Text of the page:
Chewing betel nut is a social activity, carried out when two or more people sit down to talk or when doing communal work. It encourages conversations and momentarily excites the mind and the body, as well as perfuming the breath and stimulating the production of saliva. Its astringent effect also helps control pangs of hunger. Unlike other consumers of betel nut, Massim chewers consider it bad manners to spit out the red spittle. Instead, they swallow the mix progressively as they chew. The bright red color of the betel mix has positive aesthetic and symbolic connotations. A red-stained mouth is a sign of vigor and beauty, and elder people who have red-black teeth due to constant chewing are said to have “burned” mouths, a sign of wisdom that usually commands respect.

The consumption of betel nut is closely tied to a number of esoteric practices in the Massim which include the preparation of magic substances in mortar and pestles such as this one. Bespelled with the right charm, the red mixture is used in magic incantations as a means to impart certain qualities to objects and people. Thus, bespelled betel nut is given to young carving apprentices during initiation rites to “open up” their minds, so that they can dream of the designs they are to carve in canoes or decorated yam houses. Apprentices have smeared in their body joints with a stained pestle containing a bespelled quid so that they will not get tired while carving. Magic betel nut mixes are also given to poets, storytellers, singers and dancers at an early age as part of a ritual to enhance their memory and expand their creativity, making them excel in their respective arts. The red betel nut mix is also applied with the pestle to infants’ cheeks for decoration or, when protective magic spells have been recited over the mix, to safeguard them from black magic.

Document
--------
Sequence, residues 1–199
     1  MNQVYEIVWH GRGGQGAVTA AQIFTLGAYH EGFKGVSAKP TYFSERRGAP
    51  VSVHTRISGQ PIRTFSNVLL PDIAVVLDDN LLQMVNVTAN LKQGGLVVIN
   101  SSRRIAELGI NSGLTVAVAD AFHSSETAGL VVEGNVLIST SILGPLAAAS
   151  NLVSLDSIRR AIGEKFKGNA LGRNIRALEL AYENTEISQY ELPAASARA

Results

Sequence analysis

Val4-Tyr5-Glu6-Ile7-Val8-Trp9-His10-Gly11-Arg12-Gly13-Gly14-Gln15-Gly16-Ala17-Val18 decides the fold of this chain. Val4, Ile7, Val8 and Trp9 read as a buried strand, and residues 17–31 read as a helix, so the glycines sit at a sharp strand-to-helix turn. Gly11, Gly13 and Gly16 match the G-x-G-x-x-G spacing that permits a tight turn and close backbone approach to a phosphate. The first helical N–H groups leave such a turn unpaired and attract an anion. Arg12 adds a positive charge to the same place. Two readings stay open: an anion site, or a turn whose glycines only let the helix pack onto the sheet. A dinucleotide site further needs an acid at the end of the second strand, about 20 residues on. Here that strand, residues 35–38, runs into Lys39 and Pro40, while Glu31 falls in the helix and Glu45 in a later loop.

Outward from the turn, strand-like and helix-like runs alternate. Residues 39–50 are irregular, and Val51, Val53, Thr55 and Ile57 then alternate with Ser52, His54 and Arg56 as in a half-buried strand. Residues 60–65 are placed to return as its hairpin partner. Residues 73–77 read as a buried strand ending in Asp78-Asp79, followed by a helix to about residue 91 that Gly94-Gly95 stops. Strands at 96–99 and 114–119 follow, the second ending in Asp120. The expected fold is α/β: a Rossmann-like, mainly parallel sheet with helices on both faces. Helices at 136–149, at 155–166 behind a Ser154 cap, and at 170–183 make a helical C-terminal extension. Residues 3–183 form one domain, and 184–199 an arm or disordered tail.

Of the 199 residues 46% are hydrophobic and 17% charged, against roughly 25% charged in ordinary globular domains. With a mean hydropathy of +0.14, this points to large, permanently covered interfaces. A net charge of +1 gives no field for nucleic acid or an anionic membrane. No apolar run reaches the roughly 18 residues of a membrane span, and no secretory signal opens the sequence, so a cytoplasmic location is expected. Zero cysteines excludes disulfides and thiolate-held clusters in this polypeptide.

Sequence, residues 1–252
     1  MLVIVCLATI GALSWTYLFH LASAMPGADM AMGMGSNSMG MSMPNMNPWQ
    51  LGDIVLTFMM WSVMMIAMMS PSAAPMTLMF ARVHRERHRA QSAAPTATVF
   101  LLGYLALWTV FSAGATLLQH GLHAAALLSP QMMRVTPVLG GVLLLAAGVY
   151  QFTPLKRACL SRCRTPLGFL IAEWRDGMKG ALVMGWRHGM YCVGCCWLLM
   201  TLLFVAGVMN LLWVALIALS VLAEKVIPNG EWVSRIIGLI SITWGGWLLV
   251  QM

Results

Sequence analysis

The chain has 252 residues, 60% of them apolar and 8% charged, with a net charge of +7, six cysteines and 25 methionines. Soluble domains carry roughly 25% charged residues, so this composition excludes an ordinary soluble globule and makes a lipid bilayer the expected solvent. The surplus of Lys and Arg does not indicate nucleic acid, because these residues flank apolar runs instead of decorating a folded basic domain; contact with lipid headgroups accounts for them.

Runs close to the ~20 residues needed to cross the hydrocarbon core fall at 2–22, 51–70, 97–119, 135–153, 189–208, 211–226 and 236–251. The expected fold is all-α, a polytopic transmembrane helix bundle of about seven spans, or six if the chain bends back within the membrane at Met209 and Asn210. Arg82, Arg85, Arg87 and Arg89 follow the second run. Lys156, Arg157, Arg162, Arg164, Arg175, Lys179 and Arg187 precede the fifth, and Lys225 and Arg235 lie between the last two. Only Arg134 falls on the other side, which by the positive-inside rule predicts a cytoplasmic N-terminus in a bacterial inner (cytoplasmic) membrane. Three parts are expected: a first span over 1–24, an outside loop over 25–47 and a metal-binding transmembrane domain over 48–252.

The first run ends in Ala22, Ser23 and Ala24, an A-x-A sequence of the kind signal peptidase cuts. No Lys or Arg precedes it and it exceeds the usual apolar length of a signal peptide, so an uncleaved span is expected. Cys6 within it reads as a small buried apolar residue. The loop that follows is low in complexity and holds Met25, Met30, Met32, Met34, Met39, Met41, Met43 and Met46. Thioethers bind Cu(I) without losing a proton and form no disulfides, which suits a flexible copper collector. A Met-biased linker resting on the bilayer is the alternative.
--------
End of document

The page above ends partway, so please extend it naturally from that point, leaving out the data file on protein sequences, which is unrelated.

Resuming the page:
The presence of carved anthropomorphic elements with human-like features in betel nut chewing equipment points to its potential uses for black magic. In one particular instance, the carved faces are associated to evil spirits known as gamagelina in Kiriwina, one of the main islands in the Massim region. Gamagelina are bespelled by the owner of the mortar and pestle, who “feeds” them some betel nut. The evil spirits will then come to life and harm the person targeted by the performer of the spell. The circular eyes found in some Massim carvings in particular are often associated with supernatural beings, as Massim peoples recognize these features as non-human and belonging to spirits.

Sergio Jarillo de la Torre, Sylvan C. Coleman and Pam Coleman Memorial Fund Fellow, 2017

Further reading

Malinowski, Bronislaw. 1922. Argonauts of the Western Pacific. London: Routledge & Kegan Paul
Lillian Schoedler, New York, until 1962; Nelson A. Rockefeller, New York, 1962, on permanent loan to The Museum of Primitive Art, New York, 1962–1978

Malinowski, Bronislaw. Argonauts of the Western Pacific: An Account of Native Enterprise and Adventure in the Archipelagoes of Melanesian New Guinea. Vol. 2nd ed.. Prospect Heights, IL: Waveland Press, 1984.